by Chad Lovette
Our planet’s recent temperature changes are starting to affect the world around us more than we realize. Studies have recently found that a large percentage of migratory birds across the globe have begun to change their routes as well as their departure times. Although this sounds like nothing to worry about on first thought, the effect of these birds taking flight during off seasons could severely alter ecosystems, and may very well be a sign of more changes to come.
The migratory birds that are starting to head south for winter days or weeks early may be out of luck. If a bird flies into winter nesting grounds before the pests have arrived, the lack of food can completely offset the species’ breeding cycle. This could mean a large change in the amount of birds mating, which could also lead to an overpopulation of the pests these birds had once lived off of. If this chain reaction continues, then these pests could seriously affect our produce, and will cause a rise in insect borne illnesses.
“Birds are excellent indicators of what is happening in our ecosystem and if it is healthy or unhealthy,” said Alicia King Communications Director at the Urban Bird Treaty Program. “Without the bird’s important roles in pollinating plants, dispersing seeds, and eating insects-we could be in for quite the change.”
With this slight change in migratory bird patterns our environments around the world could begin to change as well. Bird watchers everywhere have already begun noticing different species of migratory birds arriving to different locations earlier in the seasons.
“The main problem with the birds coming in earlier,” says Richard Allen, a bird watcher from Boone, NC, “is that they are becoming out of sync with their breeding cycle, which could end up leading to them getting out of sync with their food supply.”
As this trend continues and becomes more and more substantial, the changes will start to become clear to everyday citizens. If an ecosystem loses a bird that had a daily intake of pests, then the results could be catastrophic, for humans as well as other species in the ecosystem.
Locally, shorebirds are severely affected by these changes in temperature. Not so much by their migratory patterns, but in the rising sea tides, which can completely ruin the birds’ seasonal nests.
“A lot of local shorebirds must have their nests close to shore,” said Captain Joe Abbate, Cape Fear Naturalist and bird specialist. “With changes in temperature the tides are beginning to rise causing areas where the birds could once nest to become inundated. Not to mention the fact that most shorebirds thermal regulate, which means they use the cool water on their bellies to keep their eggs at the right temperature. A tiny change of only one degree can be the difference in a sterile egg and a well incubated egg.”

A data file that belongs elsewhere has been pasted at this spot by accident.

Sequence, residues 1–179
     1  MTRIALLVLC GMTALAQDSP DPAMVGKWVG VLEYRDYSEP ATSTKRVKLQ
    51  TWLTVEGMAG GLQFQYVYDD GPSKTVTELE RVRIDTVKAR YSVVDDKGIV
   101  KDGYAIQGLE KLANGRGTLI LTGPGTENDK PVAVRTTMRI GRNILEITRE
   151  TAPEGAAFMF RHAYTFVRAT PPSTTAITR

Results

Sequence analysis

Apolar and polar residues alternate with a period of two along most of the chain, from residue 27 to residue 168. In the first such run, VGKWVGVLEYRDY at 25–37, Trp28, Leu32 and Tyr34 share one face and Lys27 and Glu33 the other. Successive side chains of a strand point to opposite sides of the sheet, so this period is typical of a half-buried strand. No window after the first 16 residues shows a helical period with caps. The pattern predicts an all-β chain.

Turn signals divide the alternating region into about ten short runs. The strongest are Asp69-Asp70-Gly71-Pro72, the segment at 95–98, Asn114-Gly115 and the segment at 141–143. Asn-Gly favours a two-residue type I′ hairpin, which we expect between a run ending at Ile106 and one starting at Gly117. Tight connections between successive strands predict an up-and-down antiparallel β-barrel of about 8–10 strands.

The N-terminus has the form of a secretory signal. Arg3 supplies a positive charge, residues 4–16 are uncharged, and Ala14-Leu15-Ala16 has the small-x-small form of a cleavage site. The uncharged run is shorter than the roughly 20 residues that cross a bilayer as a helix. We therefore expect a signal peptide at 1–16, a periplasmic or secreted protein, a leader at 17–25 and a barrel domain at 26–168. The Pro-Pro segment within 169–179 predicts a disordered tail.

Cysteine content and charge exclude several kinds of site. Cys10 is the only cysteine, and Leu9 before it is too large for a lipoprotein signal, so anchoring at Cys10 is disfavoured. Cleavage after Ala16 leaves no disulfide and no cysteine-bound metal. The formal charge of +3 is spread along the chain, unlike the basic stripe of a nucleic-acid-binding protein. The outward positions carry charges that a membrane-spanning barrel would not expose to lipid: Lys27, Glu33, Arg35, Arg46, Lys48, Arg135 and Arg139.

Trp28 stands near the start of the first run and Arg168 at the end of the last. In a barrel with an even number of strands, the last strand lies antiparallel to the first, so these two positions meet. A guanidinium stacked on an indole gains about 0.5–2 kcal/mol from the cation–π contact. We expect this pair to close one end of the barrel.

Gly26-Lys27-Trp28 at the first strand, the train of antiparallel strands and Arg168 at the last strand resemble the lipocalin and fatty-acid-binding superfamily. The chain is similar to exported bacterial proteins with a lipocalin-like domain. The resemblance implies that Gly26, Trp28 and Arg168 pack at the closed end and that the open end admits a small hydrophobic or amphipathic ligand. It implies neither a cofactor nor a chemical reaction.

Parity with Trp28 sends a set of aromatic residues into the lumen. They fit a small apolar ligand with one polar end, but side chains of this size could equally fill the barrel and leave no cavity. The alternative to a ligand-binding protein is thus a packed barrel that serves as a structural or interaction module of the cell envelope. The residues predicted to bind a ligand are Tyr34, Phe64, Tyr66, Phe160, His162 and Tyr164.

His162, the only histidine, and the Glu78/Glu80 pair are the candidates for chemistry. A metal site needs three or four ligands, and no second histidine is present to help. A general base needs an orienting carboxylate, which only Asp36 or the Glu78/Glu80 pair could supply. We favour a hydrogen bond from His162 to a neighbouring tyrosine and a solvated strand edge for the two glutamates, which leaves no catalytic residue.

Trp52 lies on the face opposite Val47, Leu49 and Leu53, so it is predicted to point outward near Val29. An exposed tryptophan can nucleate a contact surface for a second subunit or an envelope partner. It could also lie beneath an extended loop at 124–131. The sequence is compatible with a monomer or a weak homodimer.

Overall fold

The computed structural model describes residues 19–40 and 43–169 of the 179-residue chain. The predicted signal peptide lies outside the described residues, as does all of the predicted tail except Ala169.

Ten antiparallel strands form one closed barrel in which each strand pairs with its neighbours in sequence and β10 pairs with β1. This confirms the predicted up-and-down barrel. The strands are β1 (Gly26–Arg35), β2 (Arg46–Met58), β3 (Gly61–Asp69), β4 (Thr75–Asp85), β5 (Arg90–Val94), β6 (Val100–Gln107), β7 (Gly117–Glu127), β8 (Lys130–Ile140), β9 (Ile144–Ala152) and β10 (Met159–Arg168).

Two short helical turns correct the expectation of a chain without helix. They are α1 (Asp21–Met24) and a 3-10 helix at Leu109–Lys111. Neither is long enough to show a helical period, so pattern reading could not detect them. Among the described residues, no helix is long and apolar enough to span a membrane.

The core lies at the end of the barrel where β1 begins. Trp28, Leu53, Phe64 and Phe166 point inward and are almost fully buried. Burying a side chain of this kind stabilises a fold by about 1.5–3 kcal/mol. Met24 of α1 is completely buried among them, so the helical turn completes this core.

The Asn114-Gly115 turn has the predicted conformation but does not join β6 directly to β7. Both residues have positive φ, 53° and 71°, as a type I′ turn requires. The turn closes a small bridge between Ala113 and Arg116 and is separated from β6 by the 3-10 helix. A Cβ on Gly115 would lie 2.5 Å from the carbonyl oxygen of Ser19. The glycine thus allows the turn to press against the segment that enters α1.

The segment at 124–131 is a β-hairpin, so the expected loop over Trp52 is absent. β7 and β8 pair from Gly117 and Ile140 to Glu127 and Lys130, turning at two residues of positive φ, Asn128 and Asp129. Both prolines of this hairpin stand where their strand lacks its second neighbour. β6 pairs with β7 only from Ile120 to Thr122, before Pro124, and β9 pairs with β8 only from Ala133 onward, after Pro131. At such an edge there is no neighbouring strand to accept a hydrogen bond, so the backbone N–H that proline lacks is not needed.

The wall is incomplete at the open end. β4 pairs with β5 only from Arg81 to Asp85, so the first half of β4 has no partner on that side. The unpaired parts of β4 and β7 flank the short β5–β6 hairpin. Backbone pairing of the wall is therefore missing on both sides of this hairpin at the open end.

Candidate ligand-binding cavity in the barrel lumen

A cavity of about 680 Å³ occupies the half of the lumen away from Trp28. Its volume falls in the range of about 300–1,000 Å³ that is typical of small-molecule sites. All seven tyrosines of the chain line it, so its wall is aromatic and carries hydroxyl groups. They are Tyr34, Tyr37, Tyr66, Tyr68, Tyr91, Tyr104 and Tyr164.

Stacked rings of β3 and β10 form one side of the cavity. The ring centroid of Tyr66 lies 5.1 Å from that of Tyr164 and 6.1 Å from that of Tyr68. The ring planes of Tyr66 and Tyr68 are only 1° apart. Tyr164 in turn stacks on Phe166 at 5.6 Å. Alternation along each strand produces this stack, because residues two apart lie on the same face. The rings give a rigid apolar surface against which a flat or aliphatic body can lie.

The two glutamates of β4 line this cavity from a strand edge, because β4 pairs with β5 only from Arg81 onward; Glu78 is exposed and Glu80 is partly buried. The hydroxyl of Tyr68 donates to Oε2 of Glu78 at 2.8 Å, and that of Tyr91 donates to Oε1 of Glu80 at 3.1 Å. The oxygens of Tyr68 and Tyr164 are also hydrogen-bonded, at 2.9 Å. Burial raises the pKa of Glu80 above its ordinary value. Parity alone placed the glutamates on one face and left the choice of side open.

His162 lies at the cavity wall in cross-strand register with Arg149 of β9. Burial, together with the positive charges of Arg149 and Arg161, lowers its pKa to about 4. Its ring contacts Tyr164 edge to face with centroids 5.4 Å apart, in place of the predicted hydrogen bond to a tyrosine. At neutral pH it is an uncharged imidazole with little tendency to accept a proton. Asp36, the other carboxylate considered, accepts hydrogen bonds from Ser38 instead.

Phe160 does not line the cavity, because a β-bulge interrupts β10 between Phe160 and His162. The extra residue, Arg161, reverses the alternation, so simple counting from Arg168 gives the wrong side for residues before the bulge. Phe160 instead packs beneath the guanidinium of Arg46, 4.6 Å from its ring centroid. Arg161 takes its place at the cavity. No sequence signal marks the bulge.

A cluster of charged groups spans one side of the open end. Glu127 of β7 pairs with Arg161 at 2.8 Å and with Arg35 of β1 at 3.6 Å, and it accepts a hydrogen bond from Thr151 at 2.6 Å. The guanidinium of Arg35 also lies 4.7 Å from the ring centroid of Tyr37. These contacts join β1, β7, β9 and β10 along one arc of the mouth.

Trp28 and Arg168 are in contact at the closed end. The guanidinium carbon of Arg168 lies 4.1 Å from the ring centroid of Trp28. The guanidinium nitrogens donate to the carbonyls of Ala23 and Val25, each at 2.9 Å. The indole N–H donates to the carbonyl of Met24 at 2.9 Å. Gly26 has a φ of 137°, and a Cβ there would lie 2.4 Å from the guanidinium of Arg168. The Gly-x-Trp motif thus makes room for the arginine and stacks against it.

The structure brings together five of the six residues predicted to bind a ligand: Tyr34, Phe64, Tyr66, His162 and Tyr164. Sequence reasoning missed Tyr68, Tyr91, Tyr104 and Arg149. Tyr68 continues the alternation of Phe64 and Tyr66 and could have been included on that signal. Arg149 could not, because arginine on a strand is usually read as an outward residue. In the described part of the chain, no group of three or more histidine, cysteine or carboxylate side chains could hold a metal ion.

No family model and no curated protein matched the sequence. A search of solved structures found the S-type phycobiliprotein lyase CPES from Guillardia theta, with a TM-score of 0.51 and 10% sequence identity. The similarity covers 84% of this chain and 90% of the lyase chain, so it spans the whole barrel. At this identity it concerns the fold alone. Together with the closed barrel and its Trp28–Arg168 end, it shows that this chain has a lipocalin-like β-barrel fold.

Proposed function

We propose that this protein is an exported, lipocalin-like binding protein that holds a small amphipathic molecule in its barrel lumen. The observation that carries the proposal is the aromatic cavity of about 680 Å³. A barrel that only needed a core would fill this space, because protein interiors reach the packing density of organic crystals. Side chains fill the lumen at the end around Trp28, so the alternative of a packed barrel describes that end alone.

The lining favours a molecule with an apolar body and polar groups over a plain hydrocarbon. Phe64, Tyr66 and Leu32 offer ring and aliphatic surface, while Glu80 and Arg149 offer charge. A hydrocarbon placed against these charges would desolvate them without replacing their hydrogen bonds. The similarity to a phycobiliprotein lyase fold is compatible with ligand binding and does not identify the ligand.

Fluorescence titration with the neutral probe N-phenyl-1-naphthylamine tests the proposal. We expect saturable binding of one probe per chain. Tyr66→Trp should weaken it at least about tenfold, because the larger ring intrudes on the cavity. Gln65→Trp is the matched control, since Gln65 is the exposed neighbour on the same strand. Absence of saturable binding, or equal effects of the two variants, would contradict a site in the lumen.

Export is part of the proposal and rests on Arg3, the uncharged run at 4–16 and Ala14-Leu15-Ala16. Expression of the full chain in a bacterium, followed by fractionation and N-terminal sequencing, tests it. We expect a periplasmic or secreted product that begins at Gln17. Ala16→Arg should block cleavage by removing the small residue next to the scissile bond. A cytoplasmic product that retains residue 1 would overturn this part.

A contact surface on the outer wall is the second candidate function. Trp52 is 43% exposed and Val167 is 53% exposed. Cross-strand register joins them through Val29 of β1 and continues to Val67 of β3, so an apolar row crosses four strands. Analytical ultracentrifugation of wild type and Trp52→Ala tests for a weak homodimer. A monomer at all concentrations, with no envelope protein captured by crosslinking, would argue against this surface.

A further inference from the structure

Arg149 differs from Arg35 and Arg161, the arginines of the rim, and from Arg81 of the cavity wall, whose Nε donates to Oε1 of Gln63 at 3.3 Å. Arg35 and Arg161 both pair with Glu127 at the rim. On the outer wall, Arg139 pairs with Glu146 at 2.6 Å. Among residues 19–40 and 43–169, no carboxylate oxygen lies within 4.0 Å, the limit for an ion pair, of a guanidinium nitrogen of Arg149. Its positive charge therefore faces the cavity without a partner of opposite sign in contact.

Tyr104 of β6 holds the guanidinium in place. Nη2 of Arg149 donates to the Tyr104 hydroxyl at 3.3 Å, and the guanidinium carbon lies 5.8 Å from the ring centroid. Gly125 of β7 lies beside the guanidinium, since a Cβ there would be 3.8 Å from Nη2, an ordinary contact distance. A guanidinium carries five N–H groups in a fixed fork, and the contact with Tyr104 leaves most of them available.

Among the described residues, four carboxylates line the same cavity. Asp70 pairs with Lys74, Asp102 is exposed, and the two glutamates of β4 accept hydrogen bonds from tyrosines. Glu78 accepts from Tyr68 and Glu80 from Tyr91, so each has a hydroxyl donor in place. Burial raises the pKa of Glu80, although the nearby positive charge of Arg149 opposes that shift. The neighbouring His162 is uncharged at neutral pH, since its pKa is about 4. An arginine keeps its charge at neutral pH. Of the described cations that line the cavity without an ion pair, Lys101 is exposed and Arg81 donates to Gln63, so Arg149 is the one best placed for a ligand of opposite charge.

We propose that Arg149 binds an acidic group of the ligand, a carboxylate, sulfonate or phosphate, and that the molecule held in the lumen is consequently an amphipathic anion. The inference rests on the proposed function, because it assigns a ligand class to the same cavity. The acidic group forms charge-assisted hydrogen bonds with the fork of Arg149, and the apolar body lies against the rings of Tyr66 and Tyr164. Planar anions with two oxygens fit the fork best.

Scientists and bird watchers alike feel as if they can’t say it enough; nearly all of these changes are happening due to global warming. The increase in CO2 and other greenhouse gasses has nearly doubled in the past 20 years and is forcing a change in temperature around the globe. Researchers have already found that birds have begun to fly not as far south.
“With new bird tracking technology we are now able to watch the migrations of specific birds for up to ten years,” said Angel Mitchell, Bird Specialist and Veterinarian. “This technology will be able to prove the changes that are being made in the migratory patterns of specific birds.”
One species of North American Warbler has shifted its journey 65 miles north in the past 24 years. This is exactly what researchers are expecting will occur globally as birds begin to seek climates to which they can adapt.
If this steady increase in temperature continues over the next fifty to one hundred years, leading to a total change in global ecosystems, this could in turn cause the extinction of many of the plants and animals we know today.
“During our planet’s last ice age everything slowly changed, giving most species around the world time to adjust and move if they needed to,” said Alex Fisher, an Environmental Science Major at the University of North Carolina Wilmington. “The only difference with what is happening now, is that because of all our anthropogenic impacts, these changes are happening at an unbelievable pace giving no time for birds, or any surrounding species to adjust.”
Though the current worry is focused on migratory birds they are really just the clear indication on how our use of fossil fuels is affecting everything in the world around us. This change will begin to affect much more, including songbirds and other animals as their habitats begins to shift with the climate changes. This could even mean large forests in certain locations, such as along the Rocky Mountains, beginning to die out.
“The world around us is changing as we know it. The affect we have on our planet is inevitable at this point,” said Zach Dewitt, Environmental Education Intern at Bald Head Island. “These birds are natural indicators that something in the environment isn’t quite right. All we can really do now is try to be more environmentally conscious, and slow down the rapid changes that are happening across the globe.”